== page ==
All the formalities over changed some money and walked out of the airport onto the main road and started hitch hiking. A few minutes later the immigration officer who had let us in came along. He picked us up and took us right into the centre of Darwin, dropping us off outside the post office in Knuckey Street. We collected our mail and then went to try to find somewhere to stay. After living so cheaply in Asia, Australian prices were quite a shock to us, but one that we had expected. We found a small hotel, but they wanted $10 a night and we considered it, but decided to keep looking. They let us leave our bags there while we walked around. We had heard that we could rent a room in a private house for about $20 a week and we asked around and were give a few addresses to try. We eventually found a house a short walk from town on the corner of Smith Street and Whitefield Street with decent looking room going at $20 per week between us.

That night we went out for a meal and had steak and chips for $1.35 before going back to our room for an early night so we could get an early start the next day. We felt like screaming out loud YIPPEE! WE'VE MADE IT! Now we would have to find jobs and start working to replenish our funds to travel some more.

Oh, and in case anybody is wondering, the parcel we sent from Singapore arrived safely about a week after we arrived in Darwin.

That is the end of the diary. On the journey out to Australia I kept quite a comprehensive diary, but once I arrived in Darwin I stopped. Even during my later travels around Australia and onwards, I didn't re-start my diary, something I now regret. Maybe I will eventually get around to putting down on paper my recollections of the rest of my trip, but they will be nowhere near as detailed. Just for the record, here are some statistics that I compiled.

Journey Statistics

From Liverpool to Darwin we travelled a total of 20,448 miles (32,717 km) and hitched 181 lifts.

We spent £235:1:10 made up as follows:

£ : p
Daily living expenses
Bus fares & road transport
Boat fares
Train fares
Plane fares
Duty free goods in Singapore

Prices displayed are in pre-decimal pounds, shillings and pence. The sum in brackets is the nearest decimal equivalent. At the time £1 sterling = US$2.40, the rate was set by the Bank of England and did not fluctuate

The journey from Liverpool to Darwin took 6 months and 5 days, (187 days) and we celebrated 4 different New Years. (Jewish, Civil, Chinese and Balinese, though to be fair, the Jewish one was just before we left)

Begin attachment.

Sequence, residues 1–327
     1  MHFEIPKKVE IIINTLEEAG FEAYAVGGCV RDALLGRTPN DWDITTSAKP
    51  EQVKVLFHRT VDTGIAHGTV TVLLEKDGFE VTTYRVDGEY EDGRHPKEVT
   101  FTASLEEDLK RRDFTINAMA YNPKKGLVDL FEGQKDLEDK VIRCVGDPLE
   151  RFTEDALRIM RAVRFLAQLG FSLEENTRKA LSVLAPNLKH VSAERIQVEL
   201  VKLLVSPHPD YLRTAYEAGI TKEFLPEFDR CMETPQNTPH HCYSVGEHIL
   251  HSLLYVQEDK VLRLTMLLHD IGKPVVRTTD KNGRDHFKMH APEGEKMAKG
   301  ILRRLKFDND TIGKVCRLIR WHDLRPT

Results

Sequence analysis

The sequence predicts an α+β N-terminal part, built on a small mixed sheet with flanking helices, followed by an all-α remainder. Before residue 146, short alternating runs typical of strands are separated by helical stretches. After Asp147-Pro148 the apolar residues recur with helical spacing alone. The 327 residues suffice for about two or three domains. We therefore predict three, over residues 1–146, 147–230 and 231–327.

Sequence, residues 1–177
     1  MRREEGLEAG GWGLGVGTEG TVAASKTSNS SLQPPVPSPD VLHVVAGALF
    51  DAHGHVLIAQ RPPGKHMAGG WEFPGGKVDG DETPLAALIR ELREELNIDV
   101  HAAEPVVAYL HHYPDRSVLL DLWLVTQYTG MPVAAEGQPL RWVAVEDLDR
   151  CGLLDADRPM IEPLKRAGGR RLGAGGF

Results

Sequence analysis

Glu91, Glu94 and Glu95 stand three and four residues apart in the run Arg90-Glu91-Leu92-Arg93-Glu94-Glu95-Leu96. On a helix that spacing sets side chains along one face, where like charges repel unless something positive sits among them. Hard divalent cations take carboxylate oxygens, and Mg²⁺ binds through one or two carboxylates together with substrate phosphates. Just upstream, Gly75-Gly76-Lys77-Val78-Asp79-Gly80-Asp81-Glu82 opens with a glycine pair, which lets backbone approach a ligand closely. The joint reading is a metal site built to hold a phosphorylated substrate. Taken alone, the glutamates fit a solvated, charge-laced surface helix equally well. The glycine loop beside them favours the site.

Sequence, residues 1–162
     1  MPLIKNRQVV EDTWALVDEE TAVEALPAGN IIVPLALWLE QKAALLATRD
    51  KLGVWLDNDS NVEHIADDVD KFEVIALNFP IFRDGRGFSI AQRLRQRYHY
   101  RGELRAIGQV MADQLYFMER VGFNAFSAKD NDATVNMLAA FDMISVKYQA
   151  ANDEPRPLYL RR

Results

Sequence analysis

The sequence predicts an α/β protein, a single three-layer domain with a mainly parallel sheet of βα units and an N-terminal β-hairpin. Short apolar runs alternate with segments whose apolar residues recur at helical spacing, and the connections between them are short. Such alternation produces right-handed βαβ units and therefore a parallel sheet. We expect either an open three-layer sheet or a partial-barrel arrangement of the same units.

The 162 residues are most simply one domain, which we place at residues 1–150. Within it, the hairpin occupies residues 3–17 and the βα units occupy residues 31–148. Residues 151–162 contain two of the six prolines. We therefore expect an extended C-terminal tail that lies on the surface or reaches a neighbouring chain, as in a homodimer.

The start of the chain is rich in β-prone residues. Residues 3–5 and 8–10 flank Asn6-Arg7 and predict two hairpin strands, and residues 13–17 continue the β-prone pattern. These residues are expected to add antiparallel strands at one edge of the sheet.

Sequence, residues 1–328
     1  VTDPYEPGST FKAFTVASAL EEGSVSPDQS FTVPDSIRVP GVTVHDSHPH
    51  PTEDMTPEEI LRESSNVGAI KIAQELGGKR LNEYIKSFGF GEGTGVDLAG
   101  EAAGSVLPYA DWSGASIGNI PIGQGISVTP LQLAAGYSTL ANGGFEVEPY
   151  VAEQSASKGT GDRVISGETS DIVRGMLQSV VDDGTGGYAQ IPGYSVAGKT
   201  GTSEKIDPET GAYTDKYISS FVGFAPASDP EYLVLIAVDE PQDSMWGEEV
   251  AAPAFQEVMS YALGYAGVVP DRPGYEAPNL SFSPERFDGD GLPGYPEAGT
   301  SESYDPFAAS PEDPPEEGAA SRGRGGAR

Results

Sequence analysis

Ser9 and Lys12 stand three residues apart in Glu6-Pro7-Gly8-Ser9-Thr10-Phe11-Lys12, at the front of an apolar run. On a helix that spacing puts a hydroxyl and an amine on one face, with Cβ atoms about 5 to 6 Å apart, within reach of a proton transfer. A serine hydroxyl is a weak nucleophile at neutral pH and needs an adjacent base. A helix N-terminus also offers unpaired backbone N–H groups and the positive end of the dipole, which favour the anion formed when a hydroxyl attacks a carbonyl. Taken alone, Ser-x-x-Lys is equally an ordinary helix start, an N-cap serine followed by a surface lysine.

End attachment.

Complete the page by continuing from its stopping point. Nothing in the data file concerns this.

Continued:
Looking back on this diary I now realise just how much the world has changed. In recent years I have managed to re visit India, Malaysia and Singapore and the changes have been so great that it has been like visiting completely different countries.

British passport holders no longer need visas to visit Thailand or Indonesia, but the do need visas now for Turkey, Pakistan, India and Australia. If anybody had asked me the most unlikely country to have political turmoil in 1968/9, I would have said without doubt sleepy Portuguese Timor. Yet the genocide and upheaval that took place there only recently has proved me wrong.

Nowadays the overland route East can go through the former Soviet Union countries and even China, something unheard of in the 60s and 70s. At the time of writing Afghanistan remains extremely dangerous to transit or even visit, but hopefully in the near future things will change for the better. Even Nepal hasn't escaped trouble with the recent shooting of the Royal Family there.

Lonely Planet has now become the backpacker's bible, and for anybody contemplating any sort of trip, their web board at https://www.lonelyplanet.com/thorntree is a must. It is a vast improvement on the 'grapevine', though I am sure the grapevine in its original form still exists among travellers as backpackers pass information to each other by word of mouth.

I am now well into my 50s, but still fondly remember all the travelling I did when I was in my early 20s. I envy the youth today for the ease of present day travel, yet I pity them because very few of them really experience the joy and frustration of getting down to the basic level of travel that we undertook. There, I am now beginning to sound like my father, it happens to us all one day. Just about everybody who can spare a few thousand pounds (or a few more dollars) can afford a round the world ticket and do the whole thing in a month or two at most, but fly over all the really good bits on the way.

I have said it a number of times throughout this diary, but please email me and let me know what you think. Even if it is just to say what a load of junk. If you recognise yourself then definitely email me.

Steven Abrams
3 April, 2002